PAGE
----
This lead to that my high school was focused on applied electronics (learning how to solder, repair and build stuff) and not so much on the more analytics parts. This high school program did not qualify me to the university courses that I found interested so I went on my own very strange path.

Electronics galore

My passion for electronics and computers in my teens and twenties lead to me getting a job as a digital electronics designer at Ericsson back in 1996. During four years I learned very hands on how to build high-speed digital electronics. After four years I decided to do something else and at that time I had lead a design team and designed a triple CPU communications board with engineering samples of a brand new PowerPC processor able to interface at the time a blazing 155 Megabit for one of the first 3G Radio Base Stations (the blinking thing in a container that talks to your mobile phone) in the world.

I was in nerdvana…and I was becoming bored.

Enter the software

I managed to transform another of my hobbies, programming, into a skill that paid my bills. It took around eight years for me to get bored of that. In 2008 when I transitioned once again around 40% of all the cats (and other boring traffic) viewed on mobile devices in the world passed through code that I had written. Once again nerdvana. Once again bored.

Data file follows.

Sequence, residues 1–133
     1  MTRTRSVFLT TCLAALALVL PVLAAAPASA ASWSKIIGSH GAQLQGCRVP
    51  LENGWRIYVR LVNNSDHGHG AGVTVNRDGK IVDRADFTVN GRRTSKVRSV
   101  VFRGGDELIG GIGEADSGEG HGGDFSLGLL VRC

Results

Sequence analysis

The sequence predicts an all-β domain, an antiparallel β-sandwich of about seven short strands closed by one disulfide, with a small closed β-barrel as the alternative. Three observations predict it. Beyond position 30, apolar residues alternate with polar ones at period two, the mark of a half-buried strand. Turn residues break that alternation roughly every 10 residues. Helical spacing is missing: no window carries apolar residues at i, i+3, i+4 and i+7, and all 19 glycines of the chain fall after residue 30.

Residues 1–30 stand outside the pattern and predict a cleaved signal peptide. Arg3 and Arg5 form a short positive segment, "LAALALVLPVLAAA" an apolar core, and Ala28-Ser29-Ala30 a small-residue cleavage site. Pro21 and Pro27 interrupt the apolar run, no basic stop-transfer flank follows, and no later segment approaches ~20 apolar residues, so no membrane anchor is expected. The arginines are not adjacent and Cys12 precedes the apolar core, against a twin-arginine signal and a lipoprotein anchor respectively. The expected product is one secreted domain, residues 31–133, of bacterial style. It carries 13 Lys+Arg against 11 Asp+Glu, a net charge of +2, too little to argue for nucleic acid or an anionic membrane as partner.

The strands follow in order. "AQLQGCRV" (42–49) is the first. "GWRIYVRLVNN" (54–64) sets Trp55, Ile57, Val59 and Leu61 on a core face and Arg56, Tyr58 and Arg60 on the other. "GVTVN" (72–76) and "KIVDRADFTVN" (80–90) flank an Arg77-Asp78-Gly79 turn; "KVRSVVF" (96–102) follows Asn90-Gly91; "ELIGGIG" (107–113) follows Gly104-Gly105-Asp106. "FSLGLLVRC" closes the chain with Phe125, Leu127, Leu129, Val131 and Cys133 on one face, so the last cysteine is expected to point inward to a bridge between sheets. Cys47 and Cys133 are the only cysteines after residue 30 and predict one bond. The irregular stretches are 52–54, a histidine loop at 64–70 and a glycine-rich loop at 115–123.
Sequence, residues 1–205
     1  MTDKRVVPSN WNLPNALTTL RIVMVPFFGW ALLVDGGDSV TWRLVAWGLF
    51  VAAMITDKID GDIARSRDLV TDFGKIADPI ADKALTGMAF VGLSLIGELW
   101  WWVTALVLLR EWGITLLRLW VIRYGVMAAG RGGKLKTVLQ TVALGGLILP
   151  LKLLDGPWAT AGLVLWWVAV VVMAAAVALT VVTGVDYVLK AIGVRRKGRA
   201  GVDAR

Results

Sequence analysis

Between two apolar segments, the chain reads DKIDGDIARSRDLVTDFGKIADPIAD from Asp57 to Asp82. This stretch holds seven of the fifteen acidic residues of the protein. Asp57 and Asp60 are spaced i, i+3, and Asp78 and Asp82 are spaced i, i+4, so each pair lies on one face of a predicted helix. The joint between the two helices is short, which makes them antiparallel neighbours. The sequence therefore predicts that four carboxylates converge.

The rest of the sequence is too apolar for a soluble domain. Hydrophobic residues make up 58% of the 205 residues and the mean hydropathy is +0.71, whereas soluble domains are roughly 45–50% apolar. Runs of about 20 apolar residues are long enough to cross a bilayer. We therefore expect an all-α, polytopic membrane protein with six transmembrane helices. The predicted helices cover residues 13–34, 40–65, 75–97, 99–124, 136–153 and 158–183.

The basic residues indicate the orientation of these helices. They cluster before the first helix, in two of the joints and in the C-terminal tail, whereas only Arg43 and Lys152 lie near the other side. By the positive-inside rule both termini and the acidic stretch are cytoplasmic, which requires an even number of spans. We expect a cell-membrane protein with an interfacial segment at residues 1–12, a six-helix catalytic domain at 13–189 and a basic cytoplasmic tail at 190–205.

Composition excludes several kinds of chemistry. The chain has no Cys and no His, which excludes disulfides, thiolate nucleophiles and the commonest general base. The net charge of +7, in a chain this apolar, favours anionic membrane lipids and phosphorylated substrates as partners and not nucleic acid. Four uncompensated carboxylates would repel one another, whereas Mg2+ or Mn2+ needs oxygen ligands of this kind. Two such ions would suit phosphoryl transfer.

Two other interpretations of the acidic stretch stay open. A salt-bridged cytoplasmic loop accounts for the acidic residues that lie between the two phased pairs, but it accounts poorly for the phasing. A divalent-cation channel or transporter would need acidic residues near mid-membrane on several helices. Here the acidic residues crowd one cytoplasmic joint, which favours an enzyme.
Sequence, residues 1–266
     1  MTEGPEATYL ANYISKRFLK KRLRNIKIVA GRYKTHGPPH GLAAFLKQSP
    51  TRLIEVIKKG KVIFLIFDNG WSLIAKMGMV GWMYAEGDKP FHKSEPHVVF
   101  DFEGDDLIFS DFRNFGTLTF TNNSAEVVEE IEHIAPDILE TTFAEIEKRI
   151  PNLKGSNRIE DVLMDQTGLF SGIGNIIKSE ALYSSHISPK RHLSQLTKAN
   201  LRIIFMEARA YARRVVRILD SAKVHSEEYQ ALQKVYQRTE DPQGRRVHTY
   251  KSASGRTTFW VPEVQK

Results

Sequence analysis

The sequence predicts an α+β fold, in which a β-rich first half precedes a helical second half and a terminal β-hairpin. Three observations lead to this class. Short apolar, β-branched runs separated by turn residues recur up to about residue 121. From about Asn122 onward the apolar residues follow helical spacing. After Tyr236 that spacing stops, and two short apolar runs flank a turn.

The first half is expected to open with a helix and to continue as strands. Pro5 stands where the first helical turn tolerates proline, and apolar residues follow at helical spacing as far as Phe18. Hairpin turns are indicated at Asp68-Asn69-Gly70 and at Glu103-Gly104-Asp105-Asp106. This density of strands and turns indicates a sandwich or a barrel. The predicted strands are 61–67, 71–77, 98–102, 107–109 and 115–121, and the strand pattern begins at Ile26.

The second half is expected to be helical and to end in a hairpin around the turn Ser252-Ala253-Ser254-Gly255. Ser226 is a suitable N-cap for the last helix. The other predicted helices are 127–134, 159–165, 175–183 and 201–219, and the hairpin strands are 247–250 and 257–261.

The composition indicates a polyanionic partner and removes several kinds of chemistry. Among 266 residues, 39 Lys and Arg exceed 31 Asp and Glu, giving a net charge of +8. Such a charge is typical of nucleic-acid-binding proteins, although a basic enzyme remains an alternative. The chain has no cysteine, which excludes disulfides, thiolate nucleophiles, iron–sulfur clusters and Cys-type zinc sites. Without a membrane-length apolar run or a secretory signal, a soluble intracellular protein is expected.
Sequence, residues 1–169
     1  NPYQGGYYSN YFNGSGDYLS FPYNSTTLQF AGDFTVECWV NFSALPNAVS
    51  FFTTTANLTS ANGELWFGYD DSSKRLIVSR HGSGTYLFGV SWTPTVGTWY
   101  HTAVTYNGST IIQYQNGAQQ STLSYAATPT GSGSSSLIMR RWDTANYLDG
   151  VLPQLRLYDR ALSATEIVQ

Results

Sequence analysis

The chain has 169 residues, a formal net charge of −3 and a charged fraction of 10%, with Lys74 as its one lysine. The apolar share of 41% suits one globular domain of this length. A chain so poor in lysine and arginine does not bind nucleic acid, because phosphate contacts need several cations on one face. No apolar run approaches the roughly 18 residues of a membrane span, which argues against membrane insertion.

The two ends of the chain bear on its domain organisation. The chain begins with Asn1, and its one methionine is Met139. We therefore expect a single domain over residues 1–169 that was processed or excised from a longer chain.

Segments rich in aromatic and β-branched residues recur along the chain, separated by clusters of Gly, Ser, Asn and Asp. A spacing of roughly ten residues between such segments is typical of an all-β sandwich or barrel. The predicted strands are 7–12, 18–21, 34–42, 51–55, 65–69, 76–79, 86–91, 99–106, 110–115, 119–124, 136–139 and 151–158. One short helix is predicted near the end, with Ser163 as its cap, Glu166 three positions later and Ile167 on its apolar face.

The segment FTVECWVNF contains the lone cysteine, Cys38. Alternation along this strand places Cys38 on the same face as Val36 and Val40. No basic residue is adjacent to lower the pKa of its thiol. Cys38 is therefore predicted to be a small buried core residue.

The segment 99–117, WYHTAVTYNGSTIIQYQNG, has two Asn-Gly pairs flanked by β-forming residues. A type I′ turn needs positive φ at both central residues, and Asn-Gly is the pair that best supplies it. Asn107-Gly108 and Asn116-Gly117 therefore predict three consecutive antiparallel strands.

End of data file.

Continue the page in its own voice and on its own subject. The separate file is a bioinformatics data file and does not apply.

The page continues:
Leadership

I found myself wanting to combine another interest of mine that had been lingered in my head since my early twenties, leadership. I started working as a systems manager bring a lot of extremely talented people to work together to solve complex technical issues. During this time I also got promoted to technical specialist in the strange area of Packet transport in microwave networks. Geek alert for sure.

I was working working with complex communication infrastructure topics and it was pretty cool to be presenting at a UN standardisation organization (ITU) and leading international teams for several years.